For quite some time, the crypto community has been debating this topic. Almost indefinitely. Bitcoin’s history speaks for itself: it was conceived and launched in 2009, at the height of the subprime mortgage crisis, which was epitomised by the failure of Lehman Brothers.
Bitcoin was established as a peer-to-peer payment system that does not require banks or governments to issue or authorise it. Its worth is determined by market forces rather than gold reserves.
These four words explain why Bitcoin is so disruptive and why governments are afraid of it.
There’s more, though. Because of its decentralisation, Bitcoin is out of control. Banks can track a large movement of money in the form of dollars. But not if Bitcoin is involved. While exchanges have had to adjust to stronger KYC (Know Your Customer) and AML (Anti Money Laundering) rules over time, and the blockchain records every step of BTC transactions, it is still easier to move huge sums of money and discover alternate alternatives.
Bitcoin is financial autonomy. Just look at what is happening in Afghanistan. Since the Taliban returned to power, there has been a rush to banks to withdraw their money and flee. How to solve it? Simply by preventing people from withdrawing that money. This is what is happening. Those who had cryptocurrencies did not experience this limitation. To tell the truth, it is a very small segment of the population, which has been affected by the lack of an internet connection.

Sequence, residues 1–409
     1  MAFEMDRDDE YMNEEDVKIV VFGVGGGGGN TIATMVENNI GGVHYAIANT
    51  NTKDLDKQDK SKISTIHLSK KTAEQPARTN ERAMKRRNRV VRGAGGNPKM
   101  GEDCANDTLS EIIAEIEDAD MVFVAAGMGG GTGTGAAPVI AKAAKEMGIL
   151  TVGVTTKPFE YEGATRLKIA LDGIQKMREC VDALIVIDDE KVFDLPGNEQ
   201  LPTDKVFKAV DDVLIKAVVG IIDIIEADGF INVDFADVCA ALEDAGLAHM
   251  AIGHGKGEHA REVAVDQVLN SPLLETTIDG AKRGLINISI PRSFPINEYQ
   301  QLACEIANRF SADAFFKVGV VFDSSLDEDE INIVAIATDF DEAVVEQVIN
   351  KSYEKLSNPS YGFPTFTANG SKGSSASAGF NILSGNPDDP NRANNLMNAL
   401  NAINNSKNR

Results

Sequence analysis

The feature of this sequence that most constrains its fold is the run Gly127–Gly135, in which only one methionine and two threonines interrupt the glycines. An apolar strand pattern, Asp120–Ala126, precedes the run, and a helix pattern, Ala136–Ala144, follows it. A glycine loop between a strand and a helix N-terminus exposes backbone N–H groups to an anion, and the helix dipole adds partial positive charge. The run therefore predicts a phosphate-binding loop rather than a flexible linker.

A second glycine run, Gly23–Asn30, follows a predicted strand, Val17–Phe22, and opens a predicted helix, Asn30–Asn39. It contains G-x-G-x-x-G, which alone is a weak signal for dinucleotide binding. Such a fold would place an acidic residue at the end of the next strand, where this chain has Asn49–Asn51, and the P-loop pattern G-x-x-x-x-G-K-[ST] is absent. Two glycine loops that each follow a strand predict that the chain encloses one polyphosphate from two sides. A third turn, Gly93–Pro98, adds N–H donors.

Bitcoin has been considered as a safer store of value in countries where inflation is rampant. This was the case in Zimbabwe, and it is still the case in places like Venezuela. Locals have learned to cope with currency depreciation by transferring their savings to cryptocurrency.
Bitcoin has also established itself as a safe haven asset. It has shown to be tenacious. When the world’s stock exchanges collapsed in the aftermath of Covid on March 13, 2020, Bitcoin plummeted below $4,000 as well. BTC is currently worth 20 times that after a year. No other asset has performed as well.
As a result, it is referred to as “digital gold,” and large corporations are beginning to treat it as a reserve on their balance sheets. Microstrategy’s path is expected to grow increasingly popular.
Indeed, the pandemic has given Bitcoin a second life, that of awareness. When all certainties were shattered, more and more people who did not know what would happen to their future turned to BTC. It happened to small investors in the US who turned to apps like Robinhood. But it also happened to the big guys who looked for a viable alternative to gold and other safe-haven assets.